In response to New York’s clean energy goals and requirements, Consolidated Edison Inc. (ConEd), one of the largest utilities in the U.S., is banking on energy efficiency programs in the near term, and renewables and electrification in the longer term.
- 85% Reduction in GHG Emissions by 2050
- 100% Zero-emission Electricity by 2040
- 70% Renewable Energy by 2030
- 9,000 MW of Offshore Wind by 2035
- 3,000 MW of Energy Storage by 2030
- 6,000 MW of Solar by 2025
- 22 Million Tons of Carbon Reduction through Energy Efficiency and Electrification
Speaking at a recent Our Energy Policy virtual event about achieving a clean energy future, ConEd CEO Tim Cawley said, “Energy efficiency is the best, first answer and we will triple our investment by 2030,” noting that while transportation is the largest source of pollution in the United States and New York state, in New York City the largest portion of greenhouse gas emissions comes from buildings.
According to its System Energy Efficiency Plan (SEEP) filed last year with the Department of Public Service, ConEd is investing over $1.7 billion to increase its energy efficiency savings by 2025 to provide clean heating alternatives, support low-and moderate-income customers and communities, and help customers manage their energy use. Energy efficiency programs are projected to almost double, from approximately 2,445,000MMBTUin 2019 to approximately 4,723,000 MMBTUin 2025.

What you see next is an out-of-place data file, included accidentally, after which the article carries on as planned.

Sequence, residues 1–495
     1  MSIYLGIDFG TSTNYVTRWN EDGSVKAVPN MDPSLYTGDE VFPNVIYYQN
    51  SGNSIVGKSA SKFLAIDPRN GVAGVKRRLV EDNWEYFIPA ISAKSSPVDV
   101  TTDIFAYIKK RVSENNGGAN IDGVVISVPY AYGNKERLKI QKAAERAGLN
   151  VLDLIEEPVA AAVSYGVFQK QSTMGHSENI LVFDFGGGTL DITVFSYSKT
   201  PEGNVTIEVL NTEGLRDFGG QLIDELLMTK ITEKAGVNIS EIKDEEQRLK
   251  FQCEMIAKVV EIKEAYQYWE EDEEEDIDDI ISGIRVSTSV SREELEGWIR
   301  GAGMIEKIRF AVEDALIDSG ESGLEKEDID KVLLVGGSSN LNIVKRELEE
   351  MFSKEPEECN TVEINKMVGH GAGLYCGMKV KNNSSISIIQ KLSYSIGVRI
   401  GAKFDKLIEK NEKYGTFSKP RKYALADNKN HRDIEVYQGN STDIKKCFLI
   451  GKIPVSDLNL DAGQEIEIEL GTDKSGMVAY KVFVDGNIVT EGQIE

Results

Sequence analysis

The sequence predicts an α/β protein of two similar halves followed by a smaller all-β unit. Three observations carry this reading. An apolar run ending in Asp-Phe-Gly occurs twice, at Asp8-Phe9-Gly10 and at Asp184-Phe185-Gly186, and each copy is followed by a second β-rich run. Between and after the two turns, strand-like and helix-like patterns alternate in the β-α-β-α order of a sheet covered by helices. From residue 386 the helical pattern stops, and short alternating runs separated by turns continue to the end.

Cawley acknowledged that the utility will need to transition its natural gas system over the next few decades, and is working with researchers to evaluate hydrogen and renewable natural gas as potential replacements. ConEd is among 39 companies that have signed on to the Low-Carbon Resources Initiative (LCRI), a 5-year, $100 million research and development initiative aimed at identifying and developing commercially viable new technologies and solutions for deep decarbonization of the power sector.
ConEd is the second-largest solar producer in the United States, through its renewables development arm, but is restricted from owning large-scale generation in New York. Cawley said the utility has been advocating to change that, and believes its experience with renewables could help to add the resources needed.